A history of Steuben County, New York

VOLUME I

The query why another history of Steuben county?

The answer is, this is not only a history of Steuben county, but of the Painted Post country, a locality well known to the nomadic people who inhabited the central portion of North America long before the advent of the sea rovers of Europe. The country drained by the tributaries and affluents of the northwest branch of the Susquehanna river, now known as the Chemung river, originating at the summits and on the slopes of the continental vertebra from the same springs and sources other streams find exits in the tropics of the Mexican gulf, or in the Gulf of St. Lawrence under the cold and inhospitable banks of Labrador; those of the Painted Post country merge into the long reaches of Chesapeake bay, bordered by inviting fruitful shores. From the time that Jacques Cartier took possession of this region, setting aside Popish bulls, for and in the name of the King of France, down to the close of the American War for In- dependence, it was known to and traversed by bands of Indians, hunting and hostile in intent, and the black robed priest 'and the ubiquitous voyageur. Avenging armies had invaded, laid waste and destroyed the homes of its murderous inhabitants.

It was given to Massachusetts by royal charter, released to New York by Massachusetts, conveyed by the last named state to Phelps and Gorham, and then successively to Robert Morris and Sir William Pulteney and his associates. From this territory was formed the original county of Steuben, from which have been taken parts of five adjoining counties, including nearly a score of towns. Other and prior histories of this county have made only scant and brief reference to these demolitions, invasions and partitions. This is the reason why no separate town history is attempted here; under the circumstances it is impracticable.

As presented, it has been a difficult and perhaps not a successful task, because of the great extent of the field from which I have at- tempted to glean. I have voraciously perused all of the printed matters relating to or in any way illuminating the quest, and some of the choicest incidents have been found in the most out-of-the-way and unexpected places seared and yellow letters, written long ago by the participants in the events narrated; memoranda, diaries and account books, written in the dim past by hands long since returned to the original element; old wills, written by testators who have un- availingly tried to reach out of their graves to control their accumulations; records of trials in the courts, resulting in joys, sorrows and life-enduring emotions; old sermons and addresses arousing alike the believer and the skeptic; personal recitals and experiences; chimney-corner legends and old-wives' tales all tinged with ambiguity and uncertainty, yet all going to make history.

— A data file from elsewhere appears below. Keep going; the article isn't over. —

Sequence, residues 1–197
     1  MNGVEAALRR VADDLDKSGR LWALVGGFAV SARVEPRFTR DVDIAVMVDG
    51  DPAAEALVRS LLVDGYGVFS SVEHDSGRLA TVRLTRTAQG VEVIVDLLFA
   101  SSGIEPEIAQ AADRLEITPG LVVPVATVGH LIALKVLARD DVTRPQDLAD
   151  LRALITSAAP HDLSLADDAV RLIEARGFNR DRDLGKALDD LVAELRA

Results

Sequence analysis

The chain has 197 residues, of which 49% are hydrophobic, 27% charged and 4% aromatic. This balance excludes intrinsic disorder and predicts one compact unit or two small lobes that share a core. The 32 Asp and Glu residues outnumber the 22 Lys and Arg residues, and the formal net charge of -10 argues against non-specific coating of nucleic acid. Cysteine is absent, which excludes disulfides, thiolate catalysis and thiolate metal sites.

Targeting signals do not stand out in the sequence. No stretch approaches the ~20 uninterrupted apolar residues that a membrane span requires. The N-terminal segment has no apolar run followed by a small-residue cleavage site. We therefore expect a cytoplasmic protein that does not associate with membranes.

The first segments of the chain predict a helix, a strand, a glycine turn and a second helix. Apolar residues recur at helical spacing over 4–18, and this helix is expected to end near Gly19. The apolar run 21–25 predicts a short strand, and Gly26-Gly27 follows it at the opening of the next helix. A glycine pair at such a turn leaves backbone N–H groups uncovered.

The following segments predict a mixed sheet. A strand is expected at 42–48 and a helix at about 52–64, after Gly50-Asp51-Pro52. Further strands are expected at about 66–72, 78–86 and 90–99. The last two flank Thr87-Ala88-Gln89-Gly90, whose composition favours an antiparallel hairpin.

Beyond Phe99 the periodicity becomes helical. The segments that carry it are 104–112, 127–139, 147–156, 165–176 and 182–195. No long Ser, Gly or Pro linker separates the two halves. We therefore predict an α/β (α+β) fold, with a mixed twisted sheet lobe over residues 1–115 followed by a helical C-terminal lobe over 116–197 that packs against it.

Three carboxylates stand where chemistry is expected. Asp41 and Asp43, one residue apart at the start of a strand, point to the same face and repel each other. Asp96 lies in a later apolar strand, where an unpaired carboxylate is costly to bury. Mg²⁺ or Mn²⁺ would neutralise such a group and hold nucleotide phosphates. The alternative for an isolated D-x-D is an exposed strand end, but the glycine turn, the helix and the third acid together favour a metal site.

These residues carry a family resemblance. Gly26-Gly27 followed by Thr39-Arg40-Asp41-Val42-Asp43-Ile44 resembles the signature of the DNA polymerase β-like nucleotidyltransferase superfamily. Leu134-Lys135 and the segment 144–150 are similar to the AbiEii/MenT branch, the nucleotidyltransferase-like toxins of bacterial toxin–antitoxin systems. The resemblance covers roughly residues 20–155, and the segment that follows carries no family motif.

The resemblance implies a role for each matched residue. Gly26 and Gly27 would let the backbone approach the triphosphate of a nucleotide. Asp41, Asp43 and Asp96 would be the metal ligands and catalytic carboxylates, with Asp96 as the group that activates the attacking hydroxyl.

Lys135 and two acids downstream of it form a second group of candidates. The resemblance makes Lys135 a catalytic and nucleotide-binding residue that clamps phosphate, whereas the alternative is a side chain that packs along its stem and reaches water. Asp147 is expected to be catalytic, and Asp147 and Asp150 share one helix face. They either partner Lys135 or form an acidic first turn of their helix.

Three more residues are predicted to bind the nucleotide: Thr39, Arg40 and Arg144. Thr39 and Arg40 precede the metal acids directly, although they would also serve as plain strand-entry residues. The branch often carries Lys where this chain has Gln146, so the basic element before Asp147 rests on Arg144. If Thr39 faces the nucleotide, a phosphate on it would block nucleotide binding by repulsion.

Stripped of this, what of William Tell, George Washington, Abraham Lincoln? It is the personal equation, the individual reminiscence, the good story, that gives zest and flavor to otherwise dreary and sleepy recitals, frequently a paying lead to a rich and valuable mine of historical accuracy.

 

Table of Contents

CHAPTER I.
TOPOGRAPHY AND GEOLOGY 1

CHAPTER II.
FIRST OCCUPANCY 14

CHAPTER III.
NATION RECOGNIZED AND ESTABLISHED

CHAPTER IV.
LAND TITLES IN STEUBEN COUNTY 69

CHAPTER V.
OLD ONTARIO COUNTY 84

CHAPTER VI.
EVOLUTION OF STEUBEN COUNTY 108

CHAPTER VII.
SLICES FROM STEUBEN COUNTY 147

CHAPTER VIII.
COURTS AND COURT HOUSES 162

CHAPTER IX.
COURTS AND LAWYERS 172

CHAPTER X.
THE MEDICAL PROFESSION 183

CHAPTER XI.
PIONEER RELIGIOUS FORCES 192

CHAPTER XII.
THE PRESS OF STEUBEN 196

CHAPTER XIII.
TRANSPORTATION AND COMMERCE 228

CHAPTER XIV.
BANKING AND BANKS 255

CHAPTER XV.
MANUFACTURERS AND PRODUCTS 289

CHAPTER XVI.
THE IMPERIAL OCCUPATION 297

CHAPTER XVII.
SCHOOLS, ESPECIALLY ACADEMIES 324

CHAPTER XVIII.
MILITARY HISTORY 351

CHAPTER XIX.
MILITARY HISTORY CONTINUED 366

CHAPTER XX.
OFFICERS OF THE LINE 466

CHAPTER XXI.
BENEVOLENT AND SOCIAL 446

CHAPTER XXII.
OLD HOMES AND MEMORIES 481

 

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VOLUME II - Biographical Sketches

 

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George B. Bradley, LL. D. Among the many men of eminence and influence that have honored the bar of Steuben county is the Hon. George B. Bradley, who was actively engaged in the practice of his profession in Corning, his present home, for upwards of half a century. A man of broad and comprehensive knowledge, his professional zeal and untiring industry made him a power upon the bench, and his decisions were seldom reversed. After a long and brilliant career he is now spending the closing years of his useful life free from business cares, enjoying a well merited leisure. He was born February 5, 1825, in Chenango county. New York, where his parents were early settlers.